Wellness Sunday: Cross-Training For Dancers 101

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”In dance, fatigue is a factor in 90% of injuries and overuse contributes to 65% of dance injuries. Fatigue and overuse injuries can become chronic problems that trouble the dancer daily. Cross-training can help reduce risk of these types of injuries by balancing out the muscles of the body and providing relief to the muscles that are constantly worked.” – Leigh Heflin (MSC Dance Science).

Both aerobic and anaerobic types of exercise can help the dancer improve his or her technique, strength, and endurance. Let’s start with an overview of aerobic exercises, which requires the use of oxygen.

Running, swimming, and cycling are great forms of cross-training and aerobic exercise—they all help increase stamina and, considering that 90% percent of dance injuries are provoked by fatigue, these activities definitely present a huge benefit.

Be smart though about not overdoing it and informing yourself about proper alignment, specifically for running and cycling. Many running stores, such as JackRabbit Sports, offer free running assessments, and most spin instructors will be able to tell you if your form is correct on the bike. With no impact and a full engagement of most muscles as well as a higher focus on breathing, swimming is probably the safest and most recommended form of cross-training. A pool is not easy to come across  though in a city, while running can be done anywhere with a good pair of sneakers and without the cost of a gym membership.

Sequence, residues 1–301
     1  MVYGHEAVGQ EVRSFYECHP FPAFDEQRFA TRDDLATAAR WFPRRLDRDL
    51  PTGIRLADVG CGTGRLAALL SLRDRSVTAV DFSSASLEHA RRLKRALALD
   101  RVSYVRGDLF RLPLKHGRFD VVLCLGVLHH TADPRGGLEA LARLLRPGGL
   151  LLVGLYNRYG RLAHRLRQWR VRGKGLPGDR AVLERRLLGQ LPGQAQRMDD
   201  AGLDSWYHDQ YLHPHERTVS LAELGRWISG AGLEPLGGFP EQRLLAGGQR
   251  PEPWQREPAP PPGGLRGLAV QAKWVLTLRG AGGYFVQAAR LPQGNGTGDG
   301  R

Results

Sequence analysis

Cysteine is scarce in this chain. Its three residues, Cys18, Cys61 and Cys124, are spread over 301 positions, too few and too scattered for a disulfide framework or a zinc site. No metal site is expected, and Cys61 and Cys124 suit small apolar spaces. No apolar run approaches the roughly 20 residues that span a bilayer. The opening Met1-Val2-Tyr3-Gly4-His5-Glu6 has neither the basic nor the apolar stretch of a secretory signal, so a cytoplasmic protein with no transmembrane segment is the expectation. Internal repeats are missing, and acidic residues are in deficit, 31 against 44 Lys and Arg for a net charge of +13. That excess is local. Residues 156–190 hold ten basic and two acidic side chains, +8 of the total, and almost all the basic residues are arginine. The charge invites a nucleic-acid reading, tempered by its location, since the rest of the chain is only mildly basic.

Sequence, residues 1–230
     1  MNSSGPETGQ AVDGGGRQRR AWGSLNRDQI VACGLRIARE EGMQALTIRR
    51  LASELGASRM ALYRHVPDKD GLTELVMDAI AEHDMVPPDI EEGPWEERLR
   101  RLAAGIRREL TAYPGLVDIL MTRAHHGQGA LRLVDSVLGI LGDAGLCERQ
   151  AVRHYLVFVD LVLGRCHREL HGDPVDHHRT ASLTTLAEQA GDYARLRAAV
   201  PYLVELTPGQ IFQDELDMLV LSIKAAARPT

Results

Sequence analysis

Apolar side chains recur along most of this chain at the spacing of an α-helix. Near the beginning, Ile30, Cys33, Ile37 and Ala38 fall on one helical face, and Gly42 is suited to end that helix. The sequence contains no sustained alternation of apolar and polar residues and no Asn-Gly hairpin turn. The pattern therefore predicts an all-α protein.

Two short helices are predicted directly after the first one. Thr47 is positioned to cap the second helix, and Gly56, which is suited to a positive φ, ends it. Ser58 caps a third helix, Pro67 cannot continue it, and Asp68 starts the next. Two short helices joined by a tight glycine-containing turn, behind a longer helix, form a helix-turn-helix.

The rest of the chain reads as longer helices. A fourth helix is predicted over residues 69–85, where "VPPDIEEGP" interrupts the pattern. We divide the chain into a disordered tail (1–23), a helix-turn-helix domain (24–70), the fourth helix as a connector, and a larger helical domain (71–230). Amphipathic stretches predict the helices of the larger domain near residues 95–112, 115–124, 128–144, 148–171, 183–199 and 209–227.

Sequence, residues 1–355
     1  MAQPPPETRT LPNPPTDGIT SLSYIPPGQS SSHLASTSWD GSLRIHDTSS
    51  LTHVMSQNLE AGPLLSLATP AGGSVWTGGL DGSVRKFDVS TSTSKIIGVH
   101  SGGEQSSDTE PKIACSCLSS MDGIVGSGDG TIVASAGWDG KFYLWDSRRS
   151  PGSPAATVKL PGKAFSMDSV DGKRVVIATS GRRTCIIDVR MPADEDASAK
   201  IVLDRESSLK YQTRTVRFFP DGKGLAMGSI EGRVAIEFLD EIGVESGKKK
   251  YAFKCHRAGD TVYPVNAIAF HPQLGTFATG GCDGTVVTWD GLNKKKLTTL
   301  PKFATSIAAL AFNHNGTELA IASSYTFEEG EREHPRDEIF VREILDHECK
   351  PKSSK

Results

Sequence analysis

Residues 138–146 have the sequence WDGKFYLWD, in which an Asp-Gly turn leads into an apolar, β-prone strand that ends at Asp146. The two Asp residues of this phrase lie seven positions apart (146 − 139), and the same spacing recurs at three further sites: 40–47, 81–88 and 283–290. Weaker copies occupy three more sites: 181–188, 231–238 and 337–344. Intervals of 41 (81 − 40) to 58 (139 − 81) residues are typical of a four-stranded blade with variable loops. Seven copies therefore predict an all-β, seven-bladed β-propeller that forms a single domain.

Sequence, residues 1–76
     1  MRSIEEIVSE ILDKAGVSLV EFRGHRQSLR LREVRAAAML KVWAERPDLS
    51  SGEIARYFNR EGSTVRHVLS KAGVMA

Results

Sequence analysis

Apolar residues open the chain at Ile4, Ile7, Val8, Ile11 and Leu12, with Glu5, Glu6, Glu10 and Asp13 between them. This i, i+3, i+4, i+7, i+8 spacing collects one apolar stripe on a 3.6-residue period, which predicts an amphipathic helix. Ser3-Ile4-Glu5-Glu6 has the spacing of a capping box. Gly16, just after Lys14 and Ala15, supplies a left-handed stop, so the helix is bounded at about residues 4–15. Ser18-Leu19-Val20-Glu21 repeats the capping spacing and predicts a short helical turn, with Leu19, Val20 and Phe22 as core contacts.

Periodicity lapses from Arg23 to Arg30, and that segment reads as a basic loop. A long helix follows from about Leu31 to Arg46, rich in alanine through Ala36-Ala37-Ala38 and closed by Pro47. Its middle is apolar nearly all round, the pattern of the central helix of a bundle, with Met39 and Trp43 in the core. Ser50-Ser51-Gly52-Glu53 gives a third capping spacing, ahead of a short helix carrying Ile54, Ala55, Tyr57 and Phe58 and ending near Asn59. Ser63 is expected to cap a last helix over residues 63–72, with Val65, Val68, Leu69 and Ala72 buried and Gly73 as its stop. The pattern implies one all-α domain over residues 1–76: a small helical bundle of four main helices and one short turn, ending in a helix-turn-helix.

Anaerobic activities such as weight training, yoga, and pilates are a great complement to a dance practice and aerobic activities.

Fear not, weight training will not make you look bulky unless you are heavily consuming protein shakes and supplements. As with pilates and yoga, the exercises in weight training will rev up your metabolism and help strengthen long and lean muscles. Yoga in addition focuses on a relationship between the body and the mind which will help you in class, performances, and life in general.

As with any form of exercise, make sure activities balance each other out, and be careful to not overdo it. For instance, on a day with more rehearsal or class hours, be wary of burning out with too much extra aerobic activity. Cross-training is only beneficial when practiced with awareness.

If you have any questions about your form, shoe support, approach a professional.

Do you have a recipe or wellness tip you want to share? Email it to hello@diydancer.com or tweet us @diydancer #sundaywellness

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Larry Keigwin's Canvas for Vail International Dance Festival